Friday, May 1, 2015

Kansas' supply side disaster for K-12 warning to voters in 2016.

The $126 million cuts to K-12 continues the school funding slide in Wisconsin, with more to come if republicans have their way. But check out what happened in Kansas when the state cut $51 million a little over a month ago in March for the current school year (on top of their past cuts):
Kansas shows us what could happen if Republicans win in 2016: At least 8 Kansas school districts recently announced that they’re starting summer break early this year … It’s because these schools ran out of money, thanks to state leaders’ decision to ax education spending midyear to plug an ever-widening hole in their budget. Kansas politicians ... may also be doing the rest of the country a favor, by giving us a preview of what might happen if Republicans control the White House and Congress after the 2016 ­election.
Supply Side Infallibility…as long as you continue to cut taxes and public services:
The consequences in Kansas, after all, are a result of fulfilling the great Laffer Curve dream that has Republican presidential hopefuls such as Marco Rubio, Scott Walker and Chris Christie all salivating: dramatic tax cuts, concentrated among those at the top, coupled with the promise that such action will, through trickle-down voodoo, increase tax revenue and boost economic growth.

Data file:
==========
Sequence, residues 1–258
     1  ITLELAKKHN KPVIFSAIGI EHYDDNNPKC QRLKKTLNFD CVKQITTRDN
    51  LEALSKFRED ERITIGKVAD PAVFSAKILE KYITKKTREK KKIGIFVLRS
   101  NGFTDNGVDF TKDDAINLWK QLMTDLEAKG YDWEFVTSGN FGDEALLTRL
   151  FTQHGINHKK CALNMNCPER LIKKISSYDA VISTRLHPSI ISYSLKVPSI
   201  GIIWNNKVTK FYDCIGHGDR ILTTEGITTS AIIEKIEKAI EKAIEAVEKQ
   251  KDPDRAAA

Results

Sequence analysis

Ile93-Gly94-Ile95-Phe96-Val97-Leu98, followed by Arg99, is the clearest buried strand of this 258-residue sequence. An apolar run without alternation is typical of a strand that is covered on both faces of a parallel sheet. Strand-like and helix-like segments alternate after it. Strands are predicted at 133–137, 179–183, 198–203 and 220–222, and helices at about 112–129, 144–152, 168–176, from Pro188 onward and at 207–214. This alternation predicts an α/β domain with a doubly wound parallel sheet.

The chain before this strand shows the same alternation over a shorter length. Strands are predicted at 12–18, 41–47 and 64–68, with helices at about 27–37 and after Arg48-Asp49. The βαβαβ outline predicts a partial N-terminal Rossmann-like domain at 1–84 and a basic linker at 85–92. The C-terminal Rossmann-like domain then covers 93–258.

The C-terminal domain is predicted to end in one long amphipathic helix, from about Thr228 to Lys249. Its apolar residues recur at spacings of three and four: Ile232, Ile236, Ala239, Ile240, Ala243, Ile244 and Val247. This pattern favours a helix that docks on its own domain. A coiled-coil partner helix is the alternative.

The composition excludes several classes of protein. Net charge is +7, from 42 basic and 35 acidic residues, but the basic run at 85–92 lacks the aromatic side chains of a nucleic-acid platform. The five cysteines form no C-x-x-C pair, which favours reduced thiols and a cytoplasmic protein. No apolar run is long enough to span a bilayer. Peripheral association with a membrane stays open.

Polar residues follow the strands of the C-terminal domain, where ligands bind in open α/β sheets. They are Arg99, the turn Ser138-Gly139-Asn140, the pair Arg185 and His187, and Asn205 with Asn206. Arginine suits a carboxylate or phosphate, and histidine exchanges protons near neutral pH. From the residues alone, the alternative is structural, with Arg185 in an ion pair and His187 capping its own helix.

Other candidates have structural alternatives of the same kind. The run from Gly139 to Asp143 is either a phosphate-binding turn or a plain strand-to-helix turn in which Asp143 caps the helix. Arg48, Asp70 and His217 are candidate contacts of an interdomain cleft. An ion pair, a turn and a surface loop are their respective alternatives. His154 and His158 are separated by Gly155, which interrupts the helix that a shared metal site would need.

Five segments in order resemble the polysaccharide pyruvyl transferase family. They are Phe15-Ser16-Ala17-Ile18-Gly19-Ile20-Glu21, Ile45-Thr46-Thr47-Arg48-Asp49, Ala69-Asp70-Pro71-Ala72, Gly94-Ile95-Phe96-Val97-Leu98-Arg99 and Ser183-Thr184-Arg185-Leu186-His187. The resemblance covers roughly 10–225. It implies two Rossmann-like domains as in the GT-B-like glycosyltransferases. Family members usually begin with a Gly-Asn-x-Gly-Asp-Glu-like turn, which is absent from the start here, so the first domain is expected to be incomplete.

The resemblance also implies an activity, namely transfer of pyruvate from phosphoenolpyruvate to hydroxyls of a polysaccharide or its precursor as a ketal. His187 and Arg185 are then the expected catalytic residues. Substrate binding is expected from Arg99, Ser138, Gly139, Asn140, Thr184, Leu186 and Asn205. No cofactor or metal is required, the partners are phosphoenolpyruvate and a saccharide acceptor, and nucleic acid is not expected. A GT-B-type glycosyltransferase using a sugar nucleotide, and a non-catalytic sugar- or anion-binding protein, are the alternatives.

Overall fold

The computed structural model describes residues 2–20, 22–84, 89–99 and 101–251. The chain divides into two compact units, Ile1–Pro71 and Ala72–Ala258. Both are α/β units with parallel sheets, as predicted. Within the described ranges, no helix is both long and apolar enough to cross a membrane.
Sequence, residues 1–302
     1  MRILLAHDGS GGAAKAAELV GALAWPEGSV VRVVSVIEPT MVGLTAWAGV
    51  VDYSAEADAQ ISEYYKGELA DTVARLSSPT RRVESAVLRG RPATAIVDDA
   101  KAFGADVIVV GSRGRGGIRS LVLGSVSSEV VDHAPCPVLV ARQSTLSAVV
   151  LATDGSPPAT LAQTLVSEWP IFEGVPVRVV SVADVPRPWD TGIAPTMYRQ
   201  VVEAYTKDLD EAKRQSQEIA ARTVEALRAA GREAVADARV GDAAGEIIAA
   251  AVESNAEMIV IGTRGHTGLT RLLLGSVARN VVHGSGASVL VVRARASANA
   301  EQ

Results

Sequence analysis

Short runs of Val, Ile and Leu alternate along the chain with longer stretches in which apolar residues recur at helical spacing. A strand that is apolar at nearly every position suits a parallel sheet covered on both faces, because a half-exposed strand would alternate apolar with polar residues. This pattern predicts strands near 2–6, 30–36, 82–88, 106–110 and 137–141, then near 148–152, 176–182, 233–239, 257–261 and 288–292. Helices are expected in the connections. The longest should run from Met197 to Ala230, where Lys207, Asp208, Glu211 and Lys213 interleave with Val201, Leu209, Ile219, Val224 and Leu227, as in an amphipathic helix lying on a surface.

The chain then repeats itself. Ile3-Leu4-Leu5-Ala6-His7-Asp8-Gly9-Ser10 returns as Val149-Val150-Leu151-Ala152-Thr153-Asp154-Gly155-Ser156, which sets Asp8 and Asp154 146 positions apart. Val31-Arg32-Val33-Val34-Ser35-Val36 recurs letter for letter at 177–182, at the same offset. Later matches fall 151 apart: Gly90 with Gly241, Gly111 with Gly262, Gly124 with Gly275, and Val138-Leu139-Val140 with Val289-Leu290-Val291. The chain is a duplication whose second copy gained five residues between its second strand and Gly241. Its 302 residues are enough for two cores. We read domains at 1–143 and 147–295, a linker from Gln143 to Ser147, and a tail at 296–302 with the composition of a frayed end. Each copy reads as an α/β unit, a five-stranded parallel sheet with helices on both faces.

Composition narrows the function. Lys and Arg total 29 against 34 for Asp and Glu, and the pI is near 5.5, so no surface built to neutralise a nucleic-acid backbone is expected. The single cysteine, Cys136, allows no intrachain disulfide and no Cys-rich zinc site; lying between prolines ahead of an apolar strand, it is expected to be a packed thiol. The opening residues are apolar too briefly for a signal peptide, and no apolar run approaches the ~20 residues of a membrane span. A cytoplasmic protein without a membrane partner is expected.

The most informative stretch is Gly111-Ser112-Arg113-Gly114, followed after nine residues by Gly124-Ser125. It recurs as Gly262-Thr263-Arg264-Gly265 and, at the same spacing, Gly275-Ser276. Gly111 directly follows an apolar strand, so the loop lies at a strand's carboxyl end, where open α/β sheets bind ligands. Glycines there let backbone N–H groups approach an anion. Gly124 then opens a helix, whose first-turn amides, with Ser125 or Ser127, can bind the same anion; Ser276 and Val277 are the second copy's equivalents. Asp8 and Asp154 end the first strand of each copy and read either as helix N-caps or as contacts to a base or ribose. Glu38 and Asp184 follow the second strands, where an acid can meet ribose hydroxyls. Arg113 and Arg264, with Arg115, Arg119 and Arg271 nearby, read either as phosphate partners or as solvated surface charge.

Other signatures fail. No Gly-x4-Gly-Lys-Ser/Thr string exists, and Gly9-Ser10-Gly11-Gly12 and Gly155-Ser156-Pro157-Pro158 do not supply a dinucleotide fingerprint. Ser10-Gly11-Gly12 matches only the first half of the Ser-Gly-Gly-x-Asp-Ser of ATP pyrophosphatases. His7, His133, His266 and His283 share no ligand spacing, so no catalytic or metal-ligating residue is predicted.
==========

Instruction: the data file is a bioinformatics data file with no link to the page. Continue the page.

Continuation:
Unconstitutional, but Appeal gives way to more Educational cuts:
Kansas’s elected officals have a decades-long history of shortchanging students, and the state has been subjected to multiple lawsuits over whether its funding levels violated the state constitution’s requirements for adequate and equitable public education spending. The most recent major case was filed in 2010 before Brownback took office. The state’s Supreme Court found school funding levels indeed to be unconstitutional ... the state appealed the decision and has since cut funding further. 
The results conservatives seem quite happy with?
For districts, that has meant permanently closing a school here, expanding class sizes there, eliminating a math and science teacher here, maybe instituting pay-to-play athletics there. Teachers in the schools that are closing early are hustling to revamp their curricula so they can still cover all the material the state requires. Students are feeling the heat, too. 

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